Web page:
"I HAVE SEEN THE FUTURE OF THE GUITAR, AND ITS NAME IS CABALLERO."
Mark Wilson, Rosewood Guitar Magazine,
May 7, 1997
Jorge Caballero is the youngest musician and the only guitarist to win the Naumburg International Competition Award, one of the most prestigious and coveted awards given to performers of any instrument, and comparable to the Pulitzer Prize for musicians. He is also the recipient of top prizes at the Tokyo International Guitar Competition, the Luis Sigall Competition, the Alhambra Guitar Competition and the First Latin American Guitar Competition.
He is known for his dazzling virtuosity, his intense musicality and his spellbinding performances. Widely regarded as one of the finest guitarists of his generation, he has been compared to the likes of Casals, Rostropovich and Segovia. Jon Pareles of the New York Times called him a "masterly guitarist" and praised his "meticulous balance and chameleonic timbres."
Mr. Caballero has performed as a soloist with the Los Angeles Philharmonic, the Orchestra of St. Luke's, the New York Chamber Symphony, the Naples Philharmonic and the Presidential Symphony of Ankara, Turkey, among others. His recital appearances include performances at New York's Alice Tully Hall, the Library of Congress in Washington (in the historic Great Performers Series), the Metropolitan Museum of Art, the Palace of Fine Arts in San Francisco, and other venues in the United States and internationally.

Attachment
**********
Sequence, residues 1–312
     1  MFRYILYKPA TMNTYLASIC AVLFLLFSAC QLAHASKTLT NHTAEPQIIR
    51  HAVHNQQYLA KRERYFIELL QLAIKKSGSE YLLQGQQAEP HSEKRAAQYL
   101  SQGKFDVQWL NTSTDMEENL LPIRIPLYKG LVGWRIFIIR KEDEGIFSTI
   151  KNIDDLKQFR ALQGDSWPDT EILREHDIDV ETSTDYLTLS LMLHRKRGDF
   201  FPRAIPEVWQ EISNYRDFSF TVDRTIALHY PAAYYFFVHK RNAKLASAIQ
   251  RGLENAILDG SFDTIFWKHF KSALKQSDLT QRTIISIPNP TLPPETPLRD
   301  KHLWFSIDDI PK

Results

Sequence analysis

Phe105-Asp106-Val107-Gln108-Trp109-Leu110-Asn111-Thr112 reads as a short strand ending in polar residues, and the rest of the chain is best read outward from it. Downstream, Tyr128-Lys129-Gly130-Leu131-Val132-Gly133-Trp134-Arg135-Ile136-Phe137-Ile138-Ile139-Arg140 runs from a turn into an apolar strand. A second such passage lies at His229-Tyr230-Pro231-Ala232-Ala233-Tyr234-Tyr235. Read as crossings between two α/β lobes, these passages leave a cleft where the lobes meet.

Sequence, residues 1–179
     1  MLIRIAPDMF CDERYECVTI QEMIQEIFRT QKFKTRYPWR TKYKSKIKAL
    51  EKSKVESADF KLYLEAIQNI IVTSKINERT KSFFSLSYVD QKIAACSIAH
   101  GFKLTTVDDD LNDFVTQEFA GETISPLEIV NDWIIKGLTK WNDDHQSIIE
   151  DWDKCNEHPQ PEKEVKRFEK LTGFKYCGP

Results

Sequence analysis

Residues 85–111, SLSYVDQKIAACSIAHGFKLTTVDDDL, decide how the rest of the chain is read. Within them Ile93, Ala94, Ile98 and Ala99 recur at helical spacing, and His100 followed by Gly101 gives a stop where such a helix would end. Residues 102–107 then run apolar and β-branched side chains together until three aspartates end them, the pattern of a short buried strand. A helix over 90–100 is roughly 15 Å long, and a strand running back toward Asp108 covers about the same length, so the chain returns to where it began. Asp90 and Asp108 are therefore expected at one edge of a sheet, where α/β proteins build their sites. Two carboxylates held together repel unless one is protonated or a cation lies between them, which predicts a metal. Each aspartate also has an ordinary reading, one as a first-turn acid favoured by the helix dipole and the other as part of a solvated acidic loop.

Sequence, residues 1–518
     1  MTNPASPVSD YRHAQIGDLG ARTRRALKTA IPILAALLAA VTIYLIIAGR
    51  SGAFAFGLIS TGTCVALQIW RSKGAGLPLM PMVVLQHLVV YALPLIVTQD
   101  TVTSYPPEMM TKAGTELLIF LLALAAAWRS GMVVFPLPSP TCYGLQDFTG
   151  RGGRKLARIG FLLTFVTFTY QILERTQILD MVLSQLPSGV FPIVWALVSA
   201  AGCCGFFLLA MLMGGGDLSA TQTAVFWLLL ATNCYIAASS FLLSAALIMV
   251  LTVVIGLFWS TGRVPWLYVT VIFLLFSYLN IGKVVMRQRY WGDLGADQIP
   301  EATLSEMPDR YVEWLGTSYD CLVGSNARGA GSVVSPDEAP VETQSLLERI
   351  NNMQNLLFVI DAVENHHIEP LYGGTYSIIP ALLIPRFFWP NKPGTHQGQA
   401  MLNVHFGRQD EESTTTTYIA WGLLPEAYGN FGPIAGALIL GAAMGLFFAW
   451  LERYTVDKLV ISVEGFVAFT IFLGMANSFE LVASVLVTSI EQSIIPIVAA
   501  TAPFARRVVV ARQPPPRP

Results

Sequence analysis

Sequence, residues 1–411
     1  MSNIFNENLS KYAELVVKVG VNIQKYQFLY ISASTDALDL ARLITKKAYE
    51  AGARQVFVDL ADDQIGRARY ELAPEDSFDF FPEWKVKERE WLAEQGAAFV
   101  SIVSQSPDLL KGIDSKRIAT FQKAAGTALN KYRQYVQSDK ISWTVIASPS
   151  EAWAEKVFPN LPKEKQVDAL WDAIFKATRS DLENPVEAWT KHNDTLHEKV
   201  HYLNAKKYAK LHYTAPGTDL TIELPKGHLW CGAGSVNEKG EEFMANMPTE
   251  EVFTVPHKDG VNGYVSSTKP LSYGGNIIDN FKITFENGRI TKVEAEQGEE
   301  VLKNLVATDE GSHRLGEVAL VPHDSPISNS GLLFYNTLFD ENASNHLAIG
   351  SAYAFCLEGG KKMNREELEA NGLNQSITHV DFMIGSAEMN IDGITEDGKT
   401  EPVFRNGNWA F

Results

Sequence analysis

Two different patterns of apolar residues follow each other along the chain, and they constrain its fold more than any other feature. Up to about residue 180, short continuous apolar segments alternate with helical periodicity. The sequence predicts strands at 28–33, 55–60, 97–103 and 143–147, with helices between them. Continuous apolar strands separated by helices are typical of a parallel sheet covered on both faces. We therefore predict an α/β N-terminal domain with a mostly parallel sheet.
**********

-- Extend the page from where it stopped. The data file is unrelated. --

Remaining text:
A native of Peru, Mr. Caballero comes from a musical family. His mother is a well-known singer in Peru and as a child he spent many evenings sitting backstage at her concerts. He began his formal guitar studies at the age of ten with Eleodoro Mori at the Lima National Conservatory, although he had already obtained much knowledge of the instrument through observing the lessons taught by his father, a well-known teacher and guitarist. He continued his studies with Oscar Zamora until the age of sixteen. Growing up at a time when terrorists in Peru bombed electrical stations, he became an expert at practicing in the dark.
At age 18, Mr. Caballero relocated to the United States, where he attended the Manhattan School of Music. After being in the United States for one year, he won the prestigious Walter W. Naumburg award, making him the first and only guitarist, as well as the youngest competitor to win first prize in its 92-year history.
Mr. Caballero's repertoire is notable for its breadth and scope, ranging from Renaissance works for the vihuela to modern composers like Elliott Carter, Luciano Berio and Brian Ferneyhough, as well as his unique arrangements of non-guitar music, such as Rimsky-Korsakov's Capriccio Espagnol, and Alban Berg's Piano Sonata Op. 1, arguably one of the most important works ever arranged for guitar, and earning him praises as one of the most versatile and gifted classical guitarists of his generation.
Mr. Caballero's most recent album (titled Quadros) featured Kazuhito Yamashita's famous arrangement of Mussorgsky's Pictures at an Exhibition. This recording, along with his earlier recording of Yamashita's arrangement of Dvorak's Symphony No. 9, makes Mr. Caballero only the second guitarist in history to have recorded these iconic transcriptions.